Microsoft Corp. plans to create a network of 90 software development centres around the world to support programmers, it said last month. The initiative is designed partly to foster the creation of local software industries.
The centres will be run in cooperation with local governments, academic institutions, industry organizations and software vendors and have as their goal the creation of “software economies” in the areas in which they are located, the company said in a statement.
The centres will offer three main types of assistance, said John Fernandes, Microsoft’s director of international business development.
The first has a focus on education, specifically areas such as market and business development. Technology school graduates may lack knowledge in these areas which could hold them back from making their businesses a success.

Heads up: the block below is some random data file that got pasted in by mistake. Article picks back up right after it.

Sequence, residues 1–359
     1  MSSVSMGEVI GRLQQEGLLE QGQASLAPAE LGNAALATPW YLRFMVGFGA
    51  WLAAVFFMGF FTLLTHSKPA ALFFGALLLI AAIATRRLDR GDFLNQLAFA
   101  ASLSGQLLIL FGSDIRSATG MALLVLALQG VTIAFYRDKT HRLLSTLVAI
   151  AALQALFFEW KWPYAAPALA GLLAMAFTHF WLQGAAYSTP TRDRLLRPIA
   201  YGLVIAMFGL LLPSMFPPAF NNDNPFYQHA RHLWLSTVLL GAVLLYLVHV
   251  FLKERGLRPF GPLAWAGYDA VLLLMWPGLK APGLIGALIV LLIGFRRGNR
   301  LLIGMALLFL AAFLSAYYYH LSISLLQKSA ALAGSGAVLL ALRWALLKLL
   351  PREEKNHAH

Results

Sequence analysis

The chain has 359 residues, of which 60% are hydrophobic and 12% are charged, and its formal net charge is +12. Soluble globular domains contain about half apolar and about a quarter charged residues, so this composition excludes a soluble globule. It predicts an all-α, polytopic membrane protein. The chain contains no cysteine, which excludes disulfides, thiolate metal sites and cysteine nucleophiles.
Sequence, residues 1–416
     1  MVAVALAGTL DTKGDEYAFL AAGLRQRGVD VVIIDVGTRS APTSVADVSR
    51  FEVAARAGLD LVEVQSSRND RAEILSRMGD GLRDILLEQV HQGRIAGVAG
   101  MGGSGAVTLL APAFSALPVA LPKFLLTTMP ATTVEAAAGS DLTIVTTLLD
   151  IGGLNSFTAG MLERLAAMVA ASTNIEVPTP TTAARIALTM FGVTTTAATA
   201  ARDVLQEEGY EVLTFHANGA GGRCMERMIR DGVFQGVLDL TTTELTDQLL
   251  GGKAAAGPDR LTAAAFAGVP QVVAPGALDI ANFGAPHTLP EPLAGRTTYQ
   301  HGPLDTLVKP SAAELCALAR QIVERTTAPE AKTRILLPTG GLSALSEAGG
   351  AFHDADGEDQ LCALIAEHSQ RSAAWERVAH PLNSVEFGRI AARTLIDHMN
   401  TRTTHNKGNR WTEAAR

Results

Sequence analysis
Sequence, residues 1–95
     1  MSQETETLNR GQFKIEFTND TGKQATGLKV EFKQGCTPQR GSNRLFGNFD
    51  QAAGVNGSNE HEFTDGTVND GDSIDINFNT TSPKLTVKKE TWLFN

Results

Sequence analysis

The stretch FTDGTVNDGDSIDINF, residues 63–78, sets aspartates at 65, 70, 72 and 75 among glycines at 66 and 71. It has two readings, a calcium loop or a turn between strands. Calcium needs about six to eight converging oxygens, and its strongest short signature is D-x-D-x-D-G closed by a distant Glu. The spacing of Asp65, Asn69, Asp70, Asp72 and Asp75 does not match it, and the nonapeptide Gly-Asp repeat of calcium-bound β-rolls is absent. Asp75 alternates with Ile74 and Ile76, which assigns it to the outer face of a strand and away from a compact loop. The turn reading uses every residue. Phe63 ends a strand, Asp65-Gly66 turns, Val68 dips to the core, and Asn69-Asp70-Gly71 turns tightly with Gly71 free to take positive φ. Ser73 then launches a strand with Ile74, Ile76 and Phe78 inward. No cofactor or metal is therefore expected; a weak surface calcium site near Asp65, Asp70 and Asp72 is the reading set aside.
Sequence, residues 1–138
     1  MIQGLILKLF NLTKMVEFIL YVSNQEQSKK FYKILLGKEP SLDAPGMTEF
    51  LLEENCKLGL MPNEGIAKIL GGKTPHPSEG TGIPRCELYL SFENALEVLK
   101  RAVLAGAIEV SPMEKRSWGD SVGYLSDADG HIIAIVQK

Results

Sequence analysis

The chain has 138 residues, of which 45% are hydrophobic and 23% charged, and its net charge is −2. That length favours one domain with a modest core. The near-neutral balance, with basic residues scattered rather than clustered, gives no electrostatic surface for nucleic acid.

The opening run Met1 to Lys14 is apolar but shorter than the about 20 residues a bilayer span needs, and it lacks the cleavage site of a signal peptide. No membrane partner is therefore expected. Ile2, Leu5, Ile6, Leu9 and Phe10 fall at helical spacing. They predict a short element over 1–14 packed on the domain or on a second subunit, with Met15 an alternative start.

The second area involves promoting partnerships between stakeholders, including venture capitalists, academics and governments, Fernandes said. Finally, the centres will try to make sure local developers have access to tools they need, including new technologies such as 64-bit computing systems and the forthcoming Windows Vista operating system, he said.
“This is part of an ongoing conversation with academics, government and the business community in a number of countries where we do business about how Microsoft can help grow local software economies,” Fernandes said.
The 90 centres will include 60 existing facilities in locations including Australia, Brazil, China, Germany, Japan and Malaysia and 30 new facilities in countries including South Korea, India and South Africa, Microsoft said. The existing facilities will be upgraded to support the new initiative and the new ones will open in 2006, Fernandes said.
The plan was announced Dec. 6.